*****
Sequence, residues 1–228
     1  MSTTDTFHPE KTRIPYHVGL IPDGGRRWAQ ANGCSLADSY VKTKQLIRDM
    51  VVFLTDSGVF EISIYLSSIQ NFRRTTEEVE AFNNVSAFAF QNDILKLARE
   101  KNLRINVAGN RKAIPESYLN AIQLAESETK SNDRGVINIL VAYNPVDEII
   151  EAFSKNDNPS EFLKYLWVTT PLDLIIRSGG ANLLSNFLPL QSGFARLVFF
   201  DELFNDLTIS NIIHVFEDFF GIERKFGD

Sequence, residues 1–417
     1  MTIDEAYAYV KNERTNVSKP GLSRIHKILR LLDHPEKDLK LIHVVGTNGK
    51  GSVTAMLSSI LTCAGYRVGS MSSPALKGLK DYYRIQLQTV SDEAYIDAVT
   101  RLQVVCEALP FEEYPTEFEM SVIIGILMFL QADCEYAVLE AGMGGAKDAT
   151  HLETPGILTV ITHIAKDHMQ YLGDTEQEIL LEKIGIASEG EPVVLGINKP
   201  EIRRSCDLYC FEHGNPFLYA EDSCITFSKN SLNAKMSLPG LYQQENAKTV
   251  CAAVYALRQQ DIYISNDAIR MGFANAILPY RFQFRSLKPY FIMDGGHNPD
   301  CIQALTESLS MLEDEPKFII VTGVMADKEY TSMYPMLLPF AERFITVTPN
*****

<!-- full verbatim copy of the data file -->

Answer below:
Sequence, residues 1–228
     1  MSTTDTFHPE KTRIPYHVGL IPDGGRRWAQ ANGCSLADSY VKTKQLIRDM
    51  VVFLTDSGVF EISIYLSSIQ NFRRTTEEVE AFNNVSAFAF QNDILKLARE
   101  KNLRINVAGN RKAIPESYLN AIQLAESETK SNDRGVINIL VAYNPVDEII
   151  EAFSKNDNPS EFLKYLWVTT PLDLIIRSGG ANLLSNFLPL QSGFARLVFF
   201  DELFNDLTIS NIIHVFEDFF GIERKFGD

Sequence, residues 1–417
     1  MTIDEAYAYV KNERTNVSKP GLSRIHKILR LLDHPEKDLK LIHVVGTNGK
    51  GSVTAMLSSI LTCAGYRVGS MSSPALKGLK DYYRIQLQTV SDEAYIDAVT
   101  RLQVVCEALP FEEYPTEFEM SVIIGILMFL QADCEYAVLE AGMGGAKDAT
   151  HLETPGILTV ITHIAKDHMQ YLGDTEQEIL LEKIGIASEG EPVVLGINKP
   201  EIRRSCDLYC FEHGNPFLYA EDSCITFSKN SLNAKMSLPG LYQQENAKTV
   251  CAAVYALRQQ DIYISNDAIR MGFANAILPY RFQFRSLKPY FIMDGGHNPD
   301  CIQALTESLS MLEDEPKFII VTGVMADKEY TSMYPMLLPF AERFITVTPN